Your pain pattern,
What aggravates it,
How to get relief,
How People Describe This Pain Pattern
People complain of aching along the inside of the shoulder blade that is annoyingly tender when pressed. It begins to ache when they are slumped forward at a desk so that the shoulder blades are spread and the chest is closed. It is sharper and more painful when they press the inside edge of their shoulder blade into a hard surface, like a wooden chair.
When you look at their back, these people have shoulder blades that are either close together and wing out or their shoulder blades are spread far apart and lay close to the ribs. There is a real imbalance between the chest and back muscle so that one has overpowered the other.
This typically bothers them when they are in this position for long periods. When they stand an move, this goes away quickly.
How You Activate and Intensify This Pain Pattern
The onset of this problem is slow, usually over a long period. It may have suddenly gotten worse after an extended period of reaching up and forward. This muscle usually hangs freely and develops this problem when it is chronically overstretched.
The classic pain occurs when you are slumped forward for long periods. For me, this happens when I’m slumped over my desk. I’m a little tired, sitting a little too far away from the keyboard, and my shoulders are pulled forward. I’m just not maintaining the curve in my low back because the seat is too low, or I’m leaning in to look at the fine print.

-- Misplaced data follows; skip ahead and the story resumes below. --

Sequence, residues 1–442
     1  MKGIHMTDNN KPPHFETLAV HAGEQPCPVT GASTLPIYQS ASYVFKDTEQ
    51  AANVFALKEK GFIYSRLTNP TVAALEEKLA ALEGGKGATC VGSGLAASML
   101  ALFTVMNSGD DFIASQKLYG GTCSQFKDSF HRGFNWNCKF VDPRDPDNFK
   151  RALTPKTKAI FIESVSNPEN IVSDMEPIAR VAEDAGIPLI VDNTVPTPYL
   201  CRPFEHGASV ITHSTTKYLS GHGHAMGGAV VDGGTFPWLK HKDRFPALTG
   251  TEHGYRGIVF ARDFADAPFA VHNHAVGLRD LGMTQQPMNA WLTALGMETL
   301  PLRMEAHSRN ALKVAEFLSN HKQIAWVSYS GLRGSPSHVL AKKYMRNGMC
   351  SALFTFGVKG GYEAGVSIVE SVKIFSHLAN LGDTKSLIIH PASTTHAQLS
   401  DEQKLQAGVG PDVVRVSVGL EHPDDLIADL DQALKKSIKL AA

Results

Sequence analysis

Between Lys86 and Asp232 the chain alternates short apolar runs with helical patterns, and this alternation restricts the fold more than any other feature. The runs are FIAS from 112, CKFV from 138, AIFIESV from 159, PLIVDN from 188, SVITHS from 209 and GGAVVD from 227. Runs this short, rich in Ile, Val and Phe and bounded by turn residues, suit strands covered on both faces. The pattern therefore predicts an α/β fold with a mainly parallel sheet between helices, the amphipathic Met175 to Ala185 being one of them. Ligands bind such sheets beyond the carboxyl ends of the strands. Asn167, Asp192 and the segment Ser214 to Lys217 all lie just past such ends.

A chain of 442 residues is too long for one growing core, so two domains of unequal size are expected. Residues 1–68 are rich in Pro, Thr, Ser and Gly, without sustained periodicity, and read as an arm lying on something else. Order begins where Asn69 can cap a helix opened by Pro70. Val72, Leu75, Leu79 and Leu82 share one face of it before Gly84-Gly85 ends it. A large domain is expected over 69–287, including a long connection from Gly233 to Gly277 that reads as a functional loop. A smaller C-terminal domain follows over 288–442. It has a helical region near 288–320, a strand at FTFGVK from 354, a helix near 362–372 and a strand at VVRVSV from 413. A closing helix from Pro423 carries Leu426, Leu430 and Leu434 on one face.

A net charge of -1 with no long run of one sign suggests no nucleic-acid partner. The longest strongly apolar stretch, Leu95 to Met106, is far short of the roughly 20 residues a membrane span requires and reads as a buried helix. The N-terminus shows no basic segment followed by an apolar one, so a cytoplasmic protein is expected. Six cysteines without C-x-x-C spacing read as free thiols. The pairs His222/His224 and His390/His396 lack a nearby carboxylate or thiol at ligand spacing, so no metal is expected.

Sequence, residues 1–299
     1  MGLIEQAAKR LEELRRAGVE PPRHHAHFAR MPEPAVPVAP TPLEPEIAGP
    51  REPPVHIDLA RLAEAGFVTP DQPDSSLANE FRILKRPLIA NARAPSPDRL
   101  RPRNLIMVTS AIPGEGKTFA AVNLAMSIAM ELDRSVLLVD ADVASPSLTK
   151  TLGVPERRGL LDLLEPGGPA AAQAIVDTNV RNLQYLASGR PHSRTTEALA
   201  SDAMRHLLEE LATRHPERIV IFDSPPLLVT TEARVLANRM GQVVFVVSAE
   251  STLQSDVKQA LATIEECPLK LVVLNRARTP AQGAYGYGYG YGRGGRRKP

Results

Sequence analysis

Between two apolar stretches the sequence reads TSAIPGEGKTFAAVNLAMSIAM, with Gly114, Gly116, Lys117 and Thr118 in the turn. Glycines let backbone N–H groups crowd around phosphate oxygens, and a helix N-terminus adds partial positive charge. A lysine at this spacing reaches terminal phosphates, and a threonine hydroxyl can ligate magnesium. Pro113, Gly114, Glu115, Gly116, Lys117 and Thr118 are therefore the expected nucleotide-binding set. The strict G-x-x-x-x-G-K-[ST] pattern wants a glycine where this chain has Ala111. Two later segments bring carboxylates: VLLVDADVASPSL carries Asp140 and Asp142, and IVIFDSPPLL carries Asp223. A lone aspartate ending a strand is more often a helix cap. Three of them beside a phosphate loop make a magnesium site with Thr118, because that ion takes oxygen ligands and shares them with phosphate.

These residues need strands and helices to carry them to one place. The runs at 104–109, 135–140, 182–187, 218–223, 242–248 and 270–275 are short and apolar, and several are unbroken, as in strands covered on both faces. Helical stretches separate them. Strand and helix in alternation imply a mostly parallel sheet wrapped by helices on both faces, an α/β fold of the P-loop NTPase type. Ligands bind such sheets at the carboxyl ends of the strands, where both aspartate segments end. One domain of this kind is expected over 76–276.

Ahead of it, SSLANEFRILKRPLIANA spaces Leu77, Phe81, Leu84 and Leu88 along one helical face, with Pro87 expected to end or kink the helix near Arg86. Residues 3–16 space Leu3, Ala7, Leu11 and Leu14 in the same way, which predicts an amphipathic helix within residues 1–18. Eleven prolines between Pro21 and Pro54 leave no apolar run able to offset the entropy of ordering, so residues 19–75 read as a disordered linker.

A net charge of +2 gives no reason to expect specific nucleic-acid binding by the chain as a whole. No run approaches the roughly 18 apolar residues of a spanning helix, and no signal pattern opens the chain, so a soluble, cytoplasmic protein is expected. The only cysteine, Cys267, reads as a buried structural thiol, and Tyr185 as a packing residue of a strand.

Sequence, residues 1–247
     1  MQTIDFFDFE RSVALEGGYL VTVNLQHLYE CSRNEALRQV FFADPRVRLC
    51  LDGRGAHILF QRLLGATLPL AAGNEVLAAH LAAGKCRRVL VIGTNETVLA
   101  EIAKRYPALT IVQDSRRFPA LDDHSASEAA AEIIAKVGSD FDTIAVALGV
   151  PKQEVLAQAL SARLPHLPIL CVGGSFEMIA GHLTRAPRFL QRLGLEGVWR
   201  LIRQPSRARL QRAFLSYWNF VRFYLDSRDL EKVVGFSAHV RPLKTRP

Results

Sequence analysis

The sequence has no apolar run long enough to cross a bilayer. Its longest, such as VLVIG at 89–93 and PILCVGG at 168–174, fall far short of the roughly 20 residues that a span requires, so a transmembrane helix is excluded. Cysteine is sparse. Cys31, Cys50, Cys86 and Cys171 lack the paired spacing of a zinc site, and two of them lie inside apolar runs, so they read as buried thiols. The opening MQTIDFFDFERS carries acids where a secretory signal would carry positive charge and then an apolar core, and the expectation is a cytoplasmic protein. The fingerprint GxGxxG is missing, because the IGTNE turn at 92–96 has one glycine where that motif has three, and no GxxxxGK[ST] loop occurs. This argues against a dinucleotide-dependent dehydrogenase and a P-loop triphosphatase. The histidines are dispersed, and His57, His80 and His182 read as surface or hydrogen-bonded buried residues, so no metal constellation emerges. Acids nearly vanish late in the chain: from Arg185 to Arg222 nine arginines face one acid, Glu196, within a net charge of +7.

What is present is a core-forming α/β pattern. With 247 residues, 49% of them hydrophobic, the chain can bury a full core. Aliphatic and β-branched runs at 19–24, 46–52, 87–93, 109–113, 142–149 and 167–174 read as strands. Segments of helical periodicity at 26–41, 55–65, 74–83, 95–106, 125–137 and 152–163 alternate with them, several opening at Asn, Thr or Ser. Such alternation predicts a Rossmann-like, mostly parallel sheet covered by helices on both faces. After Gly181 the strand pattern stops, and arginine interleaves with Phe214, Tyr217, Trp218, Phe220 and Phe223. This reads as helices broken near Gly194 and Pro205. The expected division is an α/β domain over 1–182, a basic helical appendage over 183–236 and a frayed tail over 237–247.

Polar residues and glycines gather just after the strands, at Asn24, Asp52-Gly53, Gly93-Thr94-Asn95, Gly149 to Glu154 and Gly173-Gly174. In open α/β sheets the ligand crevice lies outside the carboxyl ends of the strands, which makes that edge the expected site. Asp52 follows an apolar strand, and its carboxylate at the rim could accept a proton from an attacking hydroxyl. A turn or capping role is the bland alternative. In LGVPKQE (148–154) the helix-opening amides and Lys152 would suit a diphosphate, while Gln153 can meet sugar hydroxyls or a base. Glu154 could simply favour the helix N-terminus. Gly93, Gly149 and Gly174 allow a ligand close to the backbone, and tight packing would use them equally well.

This also might occur when the shoulder is overextended. This happens while painting overhead with a short brush so that the shoulder blade is stretched up and forward. The same extension may happen when spending a long time to stock a high shelf.
The Musculoskeletal Anatomy Behind Your Pain
Other patterns that may better match your pain pattern…
Pain between the shoulder blades is usually some other trigger point that refers to the rhomboid muscles.
Rhomboids get over-treated because the pain is there. Take a serious look at these other posts for the right pattern and associated self-care so you can get relief.
Getting Relief on Your Own
This post has strategies for getting relief on your own. Explore how to change your activities, stretch and other strategies that relieve the pain associated with this trigger point.
Treatment Notes for Therapists
Through Shared Expertise.
This post has techniques, tips, treatment routines, and anatomy illustrations to improve the bodyworker’s approach.
This site is undergoing changes. Starting in early 2020, we began changing the format of the posts to include more extensive self-care, illustrations, therapist notes, anatomy, and protocols. We’d love your feedback. We are adding posts and converting the old posts as quickly as time permits.
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